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February 2005

Something New

by Wilson Morales

Something New


Distributor: Focus Features
Director: Sanaa Hamri
Producer: Stephanie Allain
Screenwriter: Kriss Turner
Cinematographer: Shane Hurlbut
Cast: Sanaa Lathan, Simon Baker, Blair Underwood, Alfre Woodward, Mike Epps, Golden Brooks, Donald Faison, Taraji P. Henson, Wendy Raquel Robinson





In most romantic films, it's mostly about the boy meeting the girl, boy gets the girl, boy loses the girl, and boy gets the girl back. It's been done over and over with different actors and so forth. What we rarely get is the reverse angle. Sanaa Lathan has been a leading lady these last few years and the films she's made recently have been from her character's perspective. In a first for Hollywood, "Something New" is the first film to be produced, written, directed and starring women of color. Not that it should be a factor when deciding to see this film, but with women having a say in the leading character's development, "Something New" offers a fresh take on racism and love and the cast plays their part with so finesse and fun.

Kenya McQueen (Lathan) is a successful accountant who has everything going for her in life. She's about to be become a partner, she's just bought a new house, and she has the best of friends, but what she lacks is a lover. Not that she needs a partner with her ever demanding schedule, but when she agrees to go on a blind date and meets Brian (Baker), it's certainly not what she was looking for. Initially put off by his color (white) and not being the IBM (Idea Black Man) that she was looking for, she gives in to fate when she runs into Brian again and has him redo her garden as he's a landscaper. Over time, Kenya is able to look past color and allow Brain to enter her heart. Her girlfriends Cheryl, Suzzette, and Nedra (Wendy Raquel Robinson, Golden Brooks, Taraji P. Henson) are there for her with advice, while Cheryl's new beau Walter (Mike Epps) shares a male perspective with Brian. With her brother (Faison) always changing girlfriends and her girls looking to find the same as her, Kenya is at peace with herself until the stress of racism at work affects her love life. Not really knowing about Kenya's relationship with Brian, her brother hopes to make Kenya happy when he introduces her to his law school mentor, Mark (Underwood), who everybody sees the perfect IBM for her, including her socially prominent parents Joyce and Edmond (Alfre Woodard, Earl Billings). While Kenya and Brian try to work out their problems, having Mark in her life offers complications she wasn't' expecting.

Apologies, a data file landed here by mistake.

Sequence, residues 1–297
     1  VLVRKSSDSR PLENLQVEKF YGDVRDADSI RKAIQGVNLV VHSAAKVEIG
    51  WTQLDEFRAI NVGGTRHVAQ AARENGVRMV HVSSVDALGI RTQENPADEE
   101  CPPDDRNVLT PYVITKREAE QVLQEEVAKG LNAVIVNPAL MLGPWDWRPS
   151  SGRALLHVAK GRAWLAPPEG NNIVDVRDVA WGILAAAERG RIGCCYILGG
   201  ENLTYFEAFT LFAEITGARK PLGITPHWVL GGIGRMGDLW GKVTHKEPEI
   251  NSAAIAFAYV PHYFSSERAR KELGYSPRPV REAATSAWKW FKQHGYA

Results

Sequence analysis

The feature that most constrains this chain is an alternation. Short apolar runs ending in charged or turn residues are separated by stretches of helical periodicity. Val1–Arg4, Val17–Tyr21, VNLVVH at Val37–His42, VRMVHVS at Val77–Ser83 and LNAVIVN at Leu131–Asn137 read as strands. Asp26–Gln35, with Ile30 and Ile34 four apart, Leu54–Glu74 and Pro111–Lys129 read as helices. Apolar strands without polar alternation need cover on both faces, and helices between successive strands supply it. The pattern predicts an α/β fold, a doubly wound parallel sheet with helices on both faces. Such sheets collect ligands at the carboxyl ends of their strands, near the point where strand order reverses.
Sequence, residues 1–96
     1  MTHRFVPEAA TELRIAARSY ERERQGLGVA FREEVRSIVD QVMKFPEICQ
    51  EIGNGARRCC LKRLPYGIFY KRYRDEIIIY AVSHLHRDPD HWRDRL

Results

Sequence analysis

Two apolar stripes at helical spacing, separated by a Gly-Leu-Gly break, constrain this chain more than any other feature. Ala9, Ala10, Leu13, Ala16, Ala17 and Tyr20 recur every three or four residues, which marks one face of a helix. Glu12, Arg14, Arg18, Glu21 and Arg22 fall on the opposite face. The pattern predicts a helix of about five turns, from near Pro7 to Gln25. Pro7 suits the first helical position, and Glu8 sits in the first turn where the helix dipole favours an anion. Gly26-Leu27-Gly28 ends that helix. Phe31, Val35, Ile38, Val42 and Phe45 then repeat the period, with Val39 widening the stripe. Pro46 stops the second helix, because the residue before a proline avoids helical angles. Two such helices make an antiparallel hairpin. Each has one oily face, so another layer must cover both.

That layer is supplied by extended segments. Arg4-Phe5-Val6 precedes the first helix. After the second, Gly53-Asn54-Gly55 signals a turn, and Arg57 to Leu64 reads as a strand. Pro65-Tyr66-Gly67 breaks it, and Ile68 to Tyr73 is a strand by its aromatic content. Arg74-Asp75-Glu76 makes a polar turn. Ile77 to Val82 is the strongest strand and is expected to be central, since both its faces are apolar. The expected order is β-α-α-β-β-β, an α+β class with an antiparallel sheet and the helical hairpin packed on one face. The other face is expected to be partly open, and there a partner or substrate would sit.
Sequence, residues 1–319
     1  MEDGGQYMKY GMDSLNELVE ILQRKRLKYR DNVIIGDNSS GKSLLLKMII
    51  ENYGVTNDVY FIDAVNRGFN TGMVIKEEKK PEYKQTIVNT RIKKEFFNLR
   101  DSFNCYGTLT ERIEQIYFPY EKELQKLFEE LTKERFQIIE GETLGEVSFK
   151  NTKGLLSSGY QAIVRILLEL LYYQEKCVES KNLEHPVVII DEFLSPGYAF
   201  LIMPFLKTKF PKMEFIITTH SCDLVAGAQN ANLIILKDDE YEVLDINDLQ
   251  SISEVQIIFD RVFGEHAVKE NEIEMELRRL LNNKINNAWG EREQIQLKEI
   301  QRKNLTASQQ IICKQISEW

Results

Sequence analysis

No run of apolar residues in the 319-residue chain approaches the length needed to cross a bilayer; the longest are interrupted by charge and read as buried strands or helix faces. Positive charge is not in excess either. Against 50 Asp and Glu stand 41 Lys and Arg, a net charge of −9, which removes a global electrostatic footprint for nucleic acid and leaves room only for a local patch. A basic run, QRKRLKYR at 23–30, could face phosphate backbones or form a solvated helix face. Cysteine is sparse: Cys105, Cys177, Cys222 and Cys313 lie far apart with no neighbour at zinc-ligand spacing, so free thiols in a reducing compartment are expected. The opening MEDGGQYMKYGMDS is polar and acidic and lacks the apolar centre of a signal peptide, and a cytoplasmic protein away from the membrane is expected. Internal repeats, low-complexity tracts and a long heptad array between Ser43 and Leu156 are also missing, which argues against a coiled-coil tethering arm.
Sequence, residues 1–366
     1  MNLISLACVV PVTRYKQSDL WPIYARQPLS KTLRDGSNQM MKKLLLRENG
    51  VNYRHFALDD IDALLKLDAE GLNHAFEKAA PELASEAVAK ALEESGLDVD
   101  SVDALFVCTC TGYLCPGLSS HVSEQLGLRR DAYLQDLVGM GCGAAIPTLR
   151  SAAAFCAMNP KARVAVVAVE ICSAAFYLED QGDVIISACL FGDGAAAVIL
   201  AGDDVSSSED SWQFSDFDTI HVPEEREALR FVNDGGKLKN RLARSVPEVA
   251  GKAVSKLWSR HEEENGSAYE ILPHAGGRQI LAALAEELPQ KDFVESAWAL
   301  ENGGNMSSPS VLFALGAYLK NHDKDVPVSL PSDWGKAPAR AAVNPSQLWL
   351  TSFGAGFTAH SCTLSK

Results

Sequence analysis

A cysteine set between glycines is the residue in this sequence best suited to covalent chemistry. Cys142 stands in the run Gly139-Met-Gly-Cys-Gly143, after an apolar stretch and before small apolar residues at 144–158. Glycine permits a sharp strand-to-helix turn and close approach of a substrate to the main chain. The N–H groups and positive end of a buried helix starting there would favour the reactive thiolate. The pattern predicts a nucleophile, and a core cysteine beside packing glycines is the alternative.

What works for "Something New" is that the film is totally from Kenya's perspective. We rarely get to see what Brian is feeling and how his surroundings are affected by the relationship. Director Hamri wanted to bring in some realism to the film by showing that love is a feeling regardless of what color the person is and she's done an amazing job. Having done music videos with the likes of Prince and Mariah Carey, Hamri has a flair with color and the outdoor scenery shows what gifts she has. Lathan and Baker make the relationship work because their relationship is not forced, it's slow and tender and the audience needs to believe that the love isn't forced. At the same time, while the film is dramatic to some extent, there are some comedic moments that worth mentioning. For Mike Epps, while playing a small role he's almost unrecognizable because as he plays the role with seriousness. We're not used to seeing Epps carry a straight face, but he does and let's hope he can get more roles like this. This is the second time Woodard has played Lathan, the first being for "Love and Basketball" and the roles are totally different. With this film, Woodard plays her role with much vibrancy. At the end of the day, love beats out any form of challenge and "Something New" offers a chance for you to see something enjoyable, entertaining and maybe realism.